Categories
Chemotherapeutic Agents Nursing Pharmacology

Immune Modulators

Immune Modulators

 

Sites of Actions of Immune Modulators

  • Immune modulators
    • Modify the actions of the immune system
  • Immune stimulants
    • Energize the immune system when it needs help fighting a specific pathogen
  • Immune suppressants
    • Block the normal effects of the immune system in organ transplantation and autoimmune disorders

Immune Stimulants

  • Interferons
    • Naturally released from human cells in response to viral invasion
  • Interleukins
    • Communicate between lymphocytes, stimulate cellular immunity, and inhibit tumor growth
  • T and B cell modulator (levamisole)
    • Restores immune function and activity

Interferon

  • Actions
    • Prevents virus particles from replicating inside other cells
    • Stimulates interferon receptor sites on noninvaded cells to produce antiviral proteins
    • Inhibits tumor growth and replication
  • Pharmacokinetics
    • Absorbed well after subcutaneous or intramuscular injection
    • Broken down in the tissues
    • Excreted in the kidneys
    • May be teratogenic
  • Contraindications
    • Known allergy
    • Pregnancy and lactation
    • Use with caution in cardiac disease, myelosuppression, and with central nervous system dysfunction
  • Adverse reactions
    • Lethargy, myalgia, arthralgia, anorexia, nausea, headache, dizziness, and bone marrow depression
  • Drug-to-drug interactions

Interleukins

  • Definition
    • Chemicals produced by T cells to communicate between leukocytes
  • Types of preparations
    • Aldesleukin (Proleukin)
      • Human interleukin produced by recombinant DNA technology using Escherichia coli bacteria
    • Oprelvekin (Neumega)
      • A newer agent produced by DNA technology
  • Actions
    • Increase the number of natural killer cells and lymphocytes
    • Activate cellular immunity and inhibit tumor growth
  • Indications
    • Aldesleukin: specific renal carcinomas and possible treatment of AIDS and AIDS-related disorders
    • Oprelvekin: prevention of severe thrombocytopenia after myelosuppressive chemotherapy
  • Pharmacokinetics
    • Rapidly distributed after injection
    • Cleared by the kidneys
    • Teratogenic
  • Contraindications
    • Known allergy, pregnancy, and lactation
    • Caution with renal, liver, or cardiovascular impairment
  • Adverse reactions
    • Lethargy, myalgia, arthralgia, fatigue, fever, and respiratory difficulties

T and B Cell Modulators

  • Action/Indication
    • Levamisole stimulates B cells which in turn stimulate antibody formation, enhancing T cell activity
    • Used in the treatment of Duke’s stage C colon cancer
  • Pharmacokinetics
    • Absorbed from the GI tract
    • Peaks in 1.5 to 2 hours
    • Metabolized in the liver and excreted in the urine
    • T½ of 16 hours
  • Contraindications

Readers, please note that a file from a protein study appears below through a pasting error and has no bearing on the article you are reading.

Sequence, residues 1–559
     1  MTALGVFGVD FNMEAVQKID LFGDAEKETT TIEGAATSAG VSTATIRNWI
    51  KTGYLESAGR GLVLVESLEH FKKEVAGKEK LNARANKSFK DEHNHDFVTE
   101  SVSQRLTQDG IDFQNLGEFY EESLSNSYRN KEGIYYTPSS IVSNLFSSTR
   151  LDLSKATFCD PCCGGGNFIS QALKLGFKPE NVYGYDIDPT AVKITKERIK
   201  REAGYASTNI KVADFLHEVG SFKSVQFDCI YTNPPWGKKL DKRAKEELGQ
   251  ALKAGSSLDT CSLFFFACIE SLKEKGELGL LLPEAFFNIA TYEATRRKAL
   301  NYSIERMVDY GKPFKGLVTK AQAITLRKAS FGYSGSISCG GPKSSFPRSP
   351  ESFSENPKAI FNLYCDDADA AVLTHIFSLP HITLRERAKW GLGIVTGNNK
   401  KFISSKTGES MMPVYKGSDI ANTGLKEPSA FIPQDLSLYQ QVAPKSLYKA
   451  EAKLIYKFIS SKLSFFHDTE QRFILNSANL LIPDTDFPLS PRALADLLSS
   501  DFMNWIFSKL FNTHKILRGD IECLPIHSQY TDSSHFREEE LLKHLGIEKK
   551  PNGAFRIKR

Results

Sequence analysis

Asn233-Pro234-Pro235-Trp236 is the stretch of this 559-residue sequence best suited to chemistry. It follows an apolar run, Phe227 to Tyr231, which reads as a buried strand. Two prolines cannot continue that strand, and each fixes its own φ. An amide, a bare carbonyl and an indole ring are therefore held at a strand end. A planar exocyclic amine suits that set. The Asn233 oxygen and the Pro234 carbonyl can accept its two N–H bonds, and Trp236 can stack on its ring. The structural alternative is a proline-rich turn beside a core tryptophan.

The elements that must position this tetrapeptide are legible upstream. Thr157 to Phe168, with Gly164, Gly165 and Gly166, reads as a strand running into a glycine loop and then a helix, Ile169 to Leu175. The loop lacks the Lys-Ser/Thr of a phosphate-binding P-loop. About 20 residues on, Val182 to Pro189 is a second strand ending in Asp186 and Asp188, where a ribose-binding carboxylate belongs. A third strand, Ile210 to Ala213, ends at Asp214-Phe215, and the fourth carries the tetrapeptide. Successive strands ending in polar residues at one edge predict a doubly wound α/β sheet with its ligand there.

• Known allergy, pregnancy, and lactation
  • Adverse reactions
    • Headache, dizziness, ataxia, nausea, vomiting, and diarrhea
  • Drug-to-drug interactions
    • Disulfiram-type reaction
    • Increased phenytoin levels

Types of Immune Suppressants

  • T and B cell suppressors
  • An interleukin receptor antagonist
  • Monoclonal antibodies
    • Produced by a single clone of B cells that react with specific antigens

T and B Cell Suppressors

  • Azathioprine (Imuran): prevents rejection in renal hemotransplants; treats rheumatoid arthritis
  • Cyclosporine (Sandimmune): suppresses rejection in a variety of transplants; treats rheumatoid arthritis and psoriasis
  • Glatiramer acetate (Copaxone): reduces number of relapses in multiple sclerosis in adults
  • Mycophenolate mofetil (CellCept): prevents rejection after renal or heart transplant in adults
  • Sirolimus (Rapamune): prevents rejection after renal transplantation
  • Tacrolimus (Prograf): prevents rejection after liver transplantation
  • Action
    • Inhibit DNA synthesis
  • Contraindications
    • Known allergy, pregnancy, CNS disease, and hepatic disease
  • Drug-to-drug interactions

T and B Cell Suppressor Adverse Effects

  • Increased risk for infection and development of neoplasms
  • Hepatotoxicity
  • Renal toxicity and renal dysfunction
  • Pulmonary edema
  • Possible headache, tremors, and secondary infections such as acne, GI upset, diarrhea, and hypertension

Interleukin Receptor Antagonists

  • Actions
    • Used to treat rheumatoid arthritis
    • Block activity of interleukin-1
  • Pharmacokinetics
    • Given subcutaneously
    • Reach peak in 3 to 7 hours
    • Metabolized in the tissues
    • T½ of 4 to 6 hours
  • Contraindications
    • Known allergy, pregnancy, lactation, and renal impairment
  • Adverse reactions
    • Headache, sinusitis, nausea, and diarrhea
  • Drug-to-drug interaction
    • Etanercept may cause severe and even life- threatening infections

Monoclonal Antibodies